Subhuti goes for a swim with Jim Cameron.
“The thing about happiness: it can vanish in a heartbeat!” warns Jake Sully, the central character.
Well, of course, it had to, didn’t it? Otherwise, the plot of James Cameron’s long-awaited ‘Avatar 2’ would have simply disintegrated. Cameron needed the dramatic tension of love versus hate, good guys versus bad guys, to attract the movie-going public and finance his $400 million production bill.
I simply had to go and see it, selecting the nearest movie house with the biggest 3D screen to make sure I could drown myself in the wonders of Pandora, the mythical planet on which this story unfolds.
Film critics, bless their poverty-stricken hearts, are doomed to be impotent spectators, using what little power they have to take pot shots at other people’s creativity. But they can also be amusing, especially when trying to cope with a blockbuster like Avatar: The Way of Water.
So, let’s look at some of their comments:
One that made me smile, if only for his use of colourful imagery, was Robbie Collin of The Telegraph, who lamented “the sad sight of a great film maker reversing up a creative cul-de-sac,”
Collin added: “Do you know what would be more evocative of the wonders of nature than a lot of $400 million computer-generated fish? Actual fish!”
Well, personally, I’m not too sure about that. I love David Attenborough’s documentaries, but I was also charmed by Avatar’s awesome creatures.
Critics complained about the “coyly sexualised” portrayal of the slim and nearly naked bodies of the blue-tinted members of the Na’vi tribe. Perhaps more tellingly, they pointed out that, even though the movie appeared to champion native tribal values, the dominant theme was racial supremacy, showing “some white guy” becoming the leader of a “non-white culture.”
On a more practical note, The Daily Mail critic warned, “By golly, it will test your bladder!” Referring, of course, to the movie’s length of three hours and twelve minutes.
Heeding his advice, I made sure to pay a last-minute visit to the gents’ toilet beforehand.
In fairness, many critics loved it, including Richard Corliss of Time magazine who called it “the most vivid and convincing creation of a fantasy world ever seen in the history of moving pictures.”
In the end, none of these opinions mattered. The public voted with their wallets, buying tickets, donning 3D glasses, and boosting the movie’s earnings to a staggering $1.4 billion dollars… and climbing. Whether or not it reaches the record-breaking $2.9 billion earned by its predecessor, Avatar 1, is yet to be decided.
Either way, it’s a massive hit.
I thoroughly enjoyed the whole experience, marvelling at Cameron’s intense personal motivation to assemble and fuse the technology he needed to create his three-dimensional epic. And certainly, I had to acknowledge the dedication of the actors, who trained for months to be able to hold their breath and swim freely underwater.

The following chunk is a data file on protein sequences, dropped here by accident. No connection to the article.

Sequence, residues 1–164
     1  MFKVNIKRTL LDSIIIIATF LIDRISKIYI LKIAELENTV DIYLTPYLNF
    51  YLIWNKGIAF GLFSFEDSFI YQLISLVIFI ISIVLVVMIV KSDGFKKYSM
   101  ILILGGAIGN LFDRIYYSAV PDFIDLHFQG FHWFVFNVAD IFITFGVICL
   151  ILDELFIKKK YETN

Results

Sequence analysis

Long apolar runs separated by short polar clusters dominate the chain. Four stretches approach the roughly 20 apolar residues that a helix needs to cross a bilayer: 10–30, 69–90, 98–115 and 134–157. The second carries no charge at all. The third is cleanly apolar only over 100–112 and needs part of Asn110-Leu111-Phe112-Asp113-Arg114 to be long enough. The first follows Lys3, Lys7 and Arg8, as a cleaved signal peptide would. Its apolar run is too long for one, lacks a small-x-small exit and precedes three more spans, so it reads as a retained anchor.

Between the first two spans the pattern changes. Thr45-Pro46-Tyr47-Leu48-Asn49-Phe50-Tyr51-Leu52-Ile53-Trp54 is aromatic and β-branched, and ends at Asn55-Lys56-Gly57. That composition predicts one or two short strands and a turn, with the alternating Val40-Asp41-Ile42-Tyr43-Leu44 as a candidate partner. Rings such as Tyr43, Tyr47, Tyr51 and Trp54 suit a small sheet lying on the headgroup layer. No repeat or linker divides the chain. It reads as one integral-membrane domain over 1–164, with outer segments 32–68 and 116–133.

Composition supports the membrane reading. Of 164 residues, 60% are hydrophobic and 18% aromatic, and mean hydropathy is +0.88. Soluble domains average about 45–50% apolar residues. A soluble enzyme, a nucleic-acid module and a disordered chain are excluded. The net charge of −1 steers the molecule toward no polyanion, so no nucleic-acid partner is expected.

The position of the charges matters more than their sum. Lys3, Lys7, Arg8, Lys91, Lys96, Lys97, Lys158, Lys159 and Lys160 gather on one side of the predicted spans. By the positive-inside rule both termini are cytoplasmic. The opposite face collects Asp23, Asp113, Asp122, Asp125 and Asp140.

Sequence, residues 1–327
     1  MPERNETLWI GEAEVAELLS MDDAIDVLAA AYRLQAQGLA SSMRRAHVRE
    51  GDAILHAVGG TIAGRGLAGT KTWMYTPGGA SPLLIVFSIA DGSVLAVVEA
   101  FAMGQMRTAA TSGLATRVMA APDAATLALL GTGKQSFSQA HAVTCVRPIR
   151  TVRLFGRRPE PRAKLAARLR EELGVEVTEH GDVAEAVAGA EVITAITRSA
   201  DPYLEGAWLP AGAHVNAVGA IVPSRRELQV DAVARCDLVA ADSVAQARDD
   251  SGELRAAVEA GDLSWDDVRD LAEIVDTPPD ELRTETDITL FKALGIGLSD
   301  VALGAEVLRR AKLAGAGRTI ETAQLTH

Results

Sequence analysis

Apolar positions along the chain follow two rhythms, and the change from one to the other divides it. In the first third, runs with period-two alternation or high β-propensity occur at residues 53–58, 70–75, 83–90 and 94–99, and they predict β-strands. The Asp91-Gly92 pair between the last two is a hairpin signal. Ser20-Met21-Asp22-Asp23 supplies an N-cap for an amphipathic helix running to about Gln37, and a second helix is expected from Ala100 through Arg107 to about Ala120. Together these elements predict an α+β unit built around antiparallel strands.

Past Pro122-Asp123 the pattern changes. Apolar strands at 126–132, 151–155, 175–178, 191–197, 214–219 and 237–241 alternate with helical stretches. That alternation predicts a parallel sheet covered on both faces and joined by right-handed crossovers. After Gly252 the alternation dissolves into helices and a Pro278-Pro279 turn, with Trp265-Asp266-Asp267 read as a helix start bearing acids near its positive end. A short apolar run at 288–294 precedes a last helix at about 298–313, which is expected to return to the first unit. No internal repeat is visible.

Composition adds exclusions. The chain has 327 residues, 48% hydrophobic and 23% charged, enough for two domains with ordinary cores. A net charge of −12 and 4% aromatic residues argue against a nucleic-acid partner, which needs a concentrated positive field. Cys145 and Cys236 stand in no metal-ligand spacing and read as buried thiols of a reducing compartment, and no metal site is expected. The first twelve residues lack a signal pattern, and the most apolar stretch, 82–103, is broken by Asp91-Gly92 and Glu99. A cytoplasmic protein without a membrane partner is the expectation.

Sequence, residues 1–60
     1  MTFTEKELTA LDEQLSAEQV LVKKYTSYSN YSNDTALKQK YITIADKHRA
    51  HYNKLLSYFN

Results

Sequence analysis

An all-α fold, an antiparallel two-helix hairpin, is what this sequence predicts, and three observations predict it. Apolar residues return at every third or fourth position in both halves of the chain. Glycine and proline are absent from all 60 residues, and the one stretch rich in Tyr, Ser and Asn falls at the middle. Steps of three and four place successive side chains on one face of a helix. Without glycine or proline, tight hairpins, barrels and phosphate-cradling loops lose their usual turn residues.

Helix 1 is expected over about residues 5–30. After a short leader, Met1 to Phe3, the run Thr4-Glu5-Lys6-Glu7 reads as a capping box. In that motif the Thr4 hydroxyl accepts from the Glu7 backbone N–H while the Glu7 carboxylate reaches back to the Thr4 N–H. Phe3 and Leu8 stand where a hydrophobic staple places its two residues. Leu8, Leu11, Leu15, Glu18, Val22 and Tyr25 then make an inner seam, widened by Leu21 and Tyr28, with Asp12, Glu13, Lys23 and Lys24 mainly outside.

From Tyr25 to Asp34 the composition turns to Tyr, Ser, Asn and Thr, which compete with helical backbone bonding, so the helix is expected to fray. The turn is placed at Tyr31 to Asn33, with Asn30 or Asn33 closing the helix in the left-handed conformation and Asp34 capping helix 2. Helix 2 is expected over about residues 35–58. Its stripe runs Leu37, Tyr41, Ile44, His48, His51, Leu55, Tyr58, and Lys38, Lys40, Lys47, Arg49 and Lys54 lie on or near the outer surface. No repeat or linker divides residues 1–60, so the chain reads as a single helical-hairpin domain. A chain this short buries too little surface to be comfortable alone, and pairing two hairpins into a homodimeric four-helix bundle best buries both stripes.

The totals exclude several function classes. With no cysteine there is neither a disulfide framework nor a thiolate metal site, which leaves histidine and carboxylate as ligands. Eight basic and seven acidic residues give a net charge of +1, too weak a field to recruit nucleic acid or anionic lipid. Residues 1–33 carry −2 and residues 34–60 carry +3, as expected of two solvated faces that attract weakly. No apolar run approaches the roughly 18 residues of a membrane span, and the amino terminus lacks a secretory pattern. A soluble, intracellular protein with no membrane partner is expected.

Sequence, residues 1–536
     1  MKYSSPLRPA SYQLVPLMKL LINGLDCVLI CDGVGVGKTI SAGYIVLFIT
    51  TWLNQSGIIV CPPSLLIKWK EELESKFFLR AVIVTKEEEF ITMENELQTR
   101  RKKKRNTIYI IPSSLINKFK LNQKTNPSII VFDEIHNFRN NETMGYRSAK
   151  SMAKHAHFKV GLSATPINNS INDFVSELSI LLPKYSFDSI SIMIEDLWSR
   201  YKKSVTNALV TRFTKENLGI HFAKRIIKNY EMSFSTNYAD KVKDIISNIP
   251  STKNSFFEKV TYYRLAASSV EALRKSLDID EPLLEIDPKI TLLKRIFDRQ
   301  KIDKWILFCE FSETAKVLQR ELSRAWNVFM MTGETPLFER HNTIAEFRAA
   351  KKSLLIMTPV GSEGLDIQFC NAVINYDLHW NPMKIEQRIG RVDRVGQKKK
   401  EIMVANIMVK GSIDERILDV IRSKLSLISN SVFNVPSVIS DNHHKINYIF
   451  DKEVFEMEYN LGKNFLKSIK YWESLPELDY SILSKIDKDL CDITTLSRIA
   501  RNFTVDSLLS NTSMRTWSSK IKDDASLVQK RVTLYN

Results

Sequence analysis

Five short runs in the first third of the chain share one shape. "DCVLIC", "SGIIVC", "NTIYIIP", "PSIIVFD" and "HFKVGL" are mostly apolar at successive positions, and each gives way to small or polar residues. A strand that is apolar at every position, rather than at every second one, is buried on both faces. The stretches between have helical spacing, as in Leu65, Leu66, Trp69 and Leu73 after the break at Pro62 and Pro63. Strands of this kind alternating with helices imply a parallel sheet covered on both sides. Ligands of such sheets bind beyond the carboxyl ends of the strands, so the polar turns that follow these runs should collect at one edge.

Kate Winslet, coming new to the cast, actually broke the record for an actor holding his or her breath underwater, beating Tom Cruise’s six minutes and thirty seconds with her own seven minutes and fourteen seconds.
As they say in Hollywood, it ain’t just about the money, honey.
Cameron’s movie certainly promotes concern for the natural environment, contrasting this with the horrors of commercial exploitation. In graphic detail, he shows a high-tech hunt for a whale-like creature, killing it in order to extract precious oil from its brain that can be used to halt the human ageing process.
Whether these big screen messages make any actual difference to the public’s opinions and our enthusiasm for the commercial products we buy, is hard to fathom.
Do movies really change our attitudes? It’s an open question.
Traditional family values receive a big plus from Cameron, even more than tribal ones, with the Sully clan sticking together, no matter what.
“Wherever we go, this family is our fortress,” declares Jake, adding “A father protects. It’s what gives him meaning.” That’s a tough ideal for modern dads to emulate, since they don’t live on Pandora, are not warriors, and lack experience in shooting arrows from fast-flying creatures.
One aspect of the movie that I would have liked Cameron to develop further is the mystical connection between Jake Sully’s daughter, Kiri, and the living, beating heart of the planet itself, addressed as “Eywa” or “the Great Mother”.
“I feel her,” says Kiri, closing her eyes and dissolving into inner light.
It comes close to meditation.
However, Cameron knows his public, and its insatiable hunger for action, so he is content to give us homeopathic doses of mysticism, while emphasizing combat. He’s brilliant at capturing and parodying American militaristic attitudes and, rather than demonizing these “bad guys”, he’s careful to make them human, so we can see ourselves reflected in them.
“We’re not in Kansas anymore,” quips Colonel Miles Quaritch, in a cute reference to “The Wizard of Oz”, on his way to combat in Pandora. He adds with a steely smile, “A Marine can’t be defeated. You can kill us, but we’ll just regroup in hell.”
I could go on, but, hey, why not check out this movie for yourselves? It’s worth the ticket price.
Oh, and don’t forget:
- Go for the 3D version.
- Choose the cinema with the biggest screen.
- And to go to the bathroom on your way in!